When he died, Leo Tolstoy was basically an old hippie. Immensely rich and famous from authoring War and Peace and Anna Karenina, the Russian count had turned his considerable energy to social causes and essays delineating his idiosyncratic approach to Christianity. His followers set up a commune a few miles away from his ancestral estate, devoted to living according to his philosophical principles, which included celibacy, vegetarianism, rejection of private property, and nonviolent passive resistance against injustice. This last bit had a profound effect on Gandhi, with whom Tolstoy corresponded in his final year of life.
This late period was detailed in Jay Parini’s 1990 novel The Last Station, whose title refers to the train station at Astapovo where the 82-year-old Tolstoy died of pneumonia while fleeing from home after an argument with his wife. Now, with the 100th anniversary of Tolstoy’s death coming up in November, the movie version of the book has come out, with two Oscar nominations to recommend it. Wait, no, “recommend” is the wrong word. It’s still not worth seeing.
Parini’s novel was narrated by various characters in turn, but the movie is seen through the eyes of Valentin Bulgakov (James McAvoy), a 23-year-old Tolstoy-worshipping aspiring writer who’s overwhelmed at the chance to work for his idol as a private secretary. The aged author (Christopher Plummer) doesn’t disappoint him, behaving generously and urging the young man to address him familiarly as Lev Nikolaievich. However, from the start Valentin is caught up in an unlovely family scrap over the old man’s money. Tolstoy disciple Vladimir Chertkov (Paul Giamatti), who has secured Valentin his job, wants to convince the master to sign away all his copyrights so that his writing will reach the entire world. This makes him sworn enemies with Countess Sofia Tolstaya (Helen Mirren), who wonders what the family will live on if Chertkov gets his way. They both enlist Valentin as a spy, and the house is full of other spies as well, including some of the Tolstoy children.
The money issue is one of many reasons why the Tolstoys’ marriage is full of screaming arguments, with Sofia frequently undercutting her reasonable financial concerns by throwing theatrical hissyfits. Early in the movie, she threatens to kill herself by jumping in front of a train like Anna Karenina. (Lev’s response: “You don’t need a husband. You need a Greek chorus.”) Later on she pitches another tantrum at Chertkov and one of her daughters (Anne-Marie Duff) in front of a bunch of reporters, and only as Valentin is escorting her away does she think, “I’ve behaved rather badly, haven’t I?”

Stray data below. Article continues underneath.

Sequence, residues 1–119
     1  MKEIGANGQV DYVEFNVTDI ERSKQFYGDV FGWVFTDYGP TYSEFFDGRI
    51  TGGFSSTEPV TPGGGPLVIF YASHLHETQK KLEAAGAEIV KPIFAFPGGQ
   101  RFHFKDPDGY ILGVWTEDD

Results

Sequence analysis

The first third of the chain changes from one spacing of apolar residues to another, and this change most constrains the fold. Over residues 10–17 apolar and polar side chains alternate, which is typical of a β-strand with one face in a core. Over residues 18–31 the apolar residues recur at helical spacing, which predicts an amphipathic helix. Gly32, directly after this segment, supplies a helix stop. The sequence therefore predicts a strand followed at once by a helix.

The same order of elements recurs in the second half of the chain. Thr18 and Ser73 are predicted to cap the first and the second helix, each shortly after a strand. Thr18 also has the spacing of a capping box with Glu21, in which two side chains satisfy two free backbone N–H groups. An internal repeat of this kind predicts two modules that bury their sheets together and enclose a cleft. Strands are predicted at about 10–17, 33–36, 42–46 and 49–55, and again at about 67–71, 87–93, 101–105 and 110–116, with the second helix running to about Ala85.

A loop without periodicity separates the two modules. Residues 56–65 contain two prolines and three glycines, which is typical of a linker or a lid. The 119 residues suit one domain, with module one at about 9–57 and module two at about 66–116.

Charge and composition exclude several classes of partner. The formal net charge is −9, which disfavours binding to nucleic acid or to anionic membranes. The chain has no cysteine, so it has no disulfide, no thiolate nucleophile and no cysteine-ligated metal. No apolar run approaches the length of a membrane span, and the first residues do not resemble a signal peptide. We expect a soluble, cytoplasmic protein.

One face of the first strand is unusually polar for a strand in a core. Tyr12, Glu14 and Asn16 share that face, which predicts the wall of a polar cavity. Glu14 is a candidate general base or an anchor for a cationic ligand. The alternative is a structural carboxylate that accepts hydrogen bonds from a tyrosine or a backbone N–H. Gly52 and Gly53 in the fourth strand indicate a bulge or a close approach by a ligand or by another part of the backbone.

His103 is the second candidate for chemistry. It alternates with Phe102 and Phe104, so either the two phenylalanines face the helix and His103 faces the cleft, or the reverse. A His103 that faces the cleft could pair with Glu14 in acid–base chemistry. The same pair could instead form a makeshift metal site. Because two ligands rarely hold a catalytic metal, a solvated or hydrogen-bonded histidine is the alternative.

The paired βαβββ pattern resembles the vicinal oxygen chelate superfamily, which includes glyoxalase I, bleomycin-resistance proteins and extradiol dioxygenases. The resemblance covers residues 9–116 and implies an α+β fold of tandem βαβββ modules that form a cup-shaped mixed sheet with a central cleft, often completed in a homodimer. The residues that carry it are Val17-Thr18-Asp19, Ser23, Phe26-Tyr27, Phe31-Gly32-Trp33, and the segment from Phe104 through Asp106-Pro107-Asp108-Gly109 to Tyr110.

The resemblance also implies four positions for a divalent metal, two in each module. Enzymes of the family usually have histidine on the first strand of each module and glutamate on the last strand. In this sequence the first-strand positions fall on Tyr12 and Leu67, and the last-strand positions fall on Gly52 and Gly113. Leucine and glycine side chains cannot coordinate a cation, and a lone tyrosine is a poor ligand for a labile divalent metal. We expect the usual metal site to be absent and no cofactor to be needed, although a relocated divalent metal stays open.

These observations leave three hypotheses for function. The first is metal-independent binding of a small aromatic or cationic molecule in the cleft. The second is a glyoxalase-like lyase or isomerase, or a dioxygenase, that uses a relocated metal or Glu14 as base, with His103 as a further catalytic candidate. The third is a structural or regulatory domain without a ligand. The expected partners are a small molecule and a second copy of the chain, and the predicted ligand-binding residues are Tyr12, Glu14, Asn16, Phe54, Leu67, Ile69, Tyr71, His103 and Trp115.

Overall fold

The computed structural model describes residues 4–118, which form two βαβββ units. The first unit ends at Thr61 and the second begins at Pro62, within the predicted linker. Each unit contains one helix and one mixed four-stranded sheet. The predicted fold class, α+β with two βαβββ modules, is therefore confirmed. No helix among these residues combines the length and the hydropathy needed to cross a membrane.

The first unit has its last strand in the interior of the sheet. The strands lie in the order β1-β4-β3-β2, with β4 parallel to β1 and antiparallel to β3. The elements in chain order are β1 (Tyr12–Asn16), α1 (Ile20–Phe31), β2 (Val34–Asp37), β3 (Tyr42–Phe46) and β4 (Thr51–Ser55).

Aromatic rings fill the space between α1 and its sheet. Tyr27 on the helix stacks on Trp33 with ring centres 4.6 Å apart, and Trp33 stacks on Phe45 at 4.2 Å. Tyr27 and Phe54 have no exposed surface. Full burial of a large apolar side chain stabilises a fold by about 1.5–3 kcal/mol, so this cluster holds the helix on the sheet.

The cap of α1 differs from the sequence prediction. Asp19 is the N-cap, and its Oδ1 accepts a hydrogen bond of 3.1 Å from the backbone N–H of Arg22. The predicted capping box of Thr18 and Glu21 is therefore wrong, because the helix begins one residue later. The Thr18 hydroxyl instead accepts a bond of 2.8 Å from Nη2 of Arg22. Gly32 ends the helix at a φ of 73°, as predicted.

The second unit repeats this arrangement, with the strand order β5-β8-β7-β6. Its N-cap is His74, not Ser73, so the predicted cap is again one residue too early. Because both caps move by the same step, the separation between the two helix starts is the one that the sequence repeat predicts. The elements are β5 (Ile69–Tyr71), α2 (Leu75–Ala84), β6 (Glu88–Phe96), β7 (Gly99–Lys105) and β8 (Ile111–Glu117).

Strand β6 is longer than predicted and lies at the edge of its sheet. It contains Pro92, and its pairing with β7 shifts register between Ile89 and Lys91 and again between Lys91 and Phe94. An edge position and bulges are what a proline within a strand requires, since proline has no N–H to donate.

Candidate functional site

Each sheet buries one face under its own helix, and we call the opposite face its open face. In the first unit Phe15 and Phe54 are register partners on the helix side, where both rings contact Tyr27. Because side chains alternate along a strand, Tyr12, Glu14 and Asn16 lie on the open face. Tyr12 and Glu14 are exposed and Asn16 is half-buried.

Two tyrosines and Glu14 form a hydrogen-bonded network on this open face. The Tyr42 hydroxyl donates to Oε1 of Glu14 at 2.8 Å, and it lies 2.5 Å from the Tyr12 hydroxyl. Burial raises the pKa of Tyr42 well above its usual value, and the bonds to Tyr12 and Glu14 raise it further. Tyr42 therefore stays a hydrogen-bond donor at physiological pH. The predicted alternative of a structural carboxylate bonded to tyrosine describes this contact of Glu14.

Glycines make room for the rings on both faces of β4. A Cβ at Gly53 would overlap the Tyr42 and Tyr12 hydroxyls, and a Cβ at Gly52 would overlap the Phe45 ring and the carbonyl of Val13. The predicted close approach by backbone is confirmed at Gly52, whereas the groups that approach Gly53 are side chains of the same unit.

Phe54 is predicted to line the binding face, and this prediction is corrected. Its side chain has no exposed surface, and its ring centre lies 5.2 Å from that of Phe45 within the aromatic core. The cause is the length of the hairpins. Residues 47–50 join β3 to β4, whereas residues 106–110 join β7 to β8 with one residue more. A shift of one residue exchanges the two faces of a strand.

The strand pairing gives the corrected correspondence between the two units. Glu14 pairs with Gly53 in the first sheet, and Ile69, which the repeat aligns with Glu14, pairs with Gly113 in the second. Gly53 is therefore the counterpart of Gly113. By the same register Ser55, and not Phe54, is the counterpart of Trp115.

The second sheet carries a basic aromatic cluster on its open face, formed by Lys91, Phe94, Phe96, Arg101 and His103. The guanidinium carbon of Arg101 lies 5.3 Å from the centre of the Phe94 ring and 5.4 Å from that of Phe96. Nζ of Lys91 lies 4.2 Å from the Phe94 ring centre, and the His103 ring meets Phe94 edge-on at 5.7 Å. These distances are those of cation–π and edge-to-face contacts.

The movie wants to be an examination of a frayed marriage between temperamental creative people. Instead, it feels more like a platform for Plummer and Mirren to work themselves into an award-baiting lather. Both actors snagged Oscar nominations, so it clearly worked. Nevertheless, these lions of the stage and screen have been far better elsewhere. Sofia is supposed to be a needy and pathetic person who acts out because she feels neglected. I’m not sure that “needy and pathetic” are in Mirren’s repertoire. Whatever the reason, the scenes of Sofia giving Valentin sage advice about politics and romance feel like they come from a completely different movie than the ones with her breaking the crockery and firing off guns in the house. For his part, Plummer is too open here, never showing the workaholic self-absorption and devotion to higher causes that drives Sofia to such extreme, self-defeating behavior. His Tolstoy comes off as a nice old man with a shrew for a wife, and that’s not how it should be. The scene in which the Tolstoys have makeup sex after one of their fights is a cutesy, overlong low point for both the actors and the movie.
On top of all this, Valentin’s role in the story is that of an observer, but he’s made to be way too passive, standing by and saying nothing long past the point when he’d still be shocked by the histrionics in the Tolstoy house. It’s hard to believe that the real-life Bulgakov would have been so inert, even if he was overawed. The character is saddled with a tic of sneezing when he’s nervous (a Chekhovian comic device that’s really annoying here) and a stubbornly uninteresting romantic subplot with a free-spirited young woman at the commune (Kerry Condon, making out better than any of her more famous co-stars).
It’s cold comfort to know that even if the performances had been better, writer-director Michael Hoffman still would have stifled them in good taste. The Hollywood veteran has essayed wacky comedy (Soapdish), contemporary romance (One Fine Day), and Shakespearean farce (A Midsummer Night’s Dream). The only thing all those movies had in common was that they turned out dull and staid. The Last Station succumbs to the same fate, and years from now moviegoers will look back on this movie and wonder how it got its Oscar nods. Chalk it up to lack of imagination.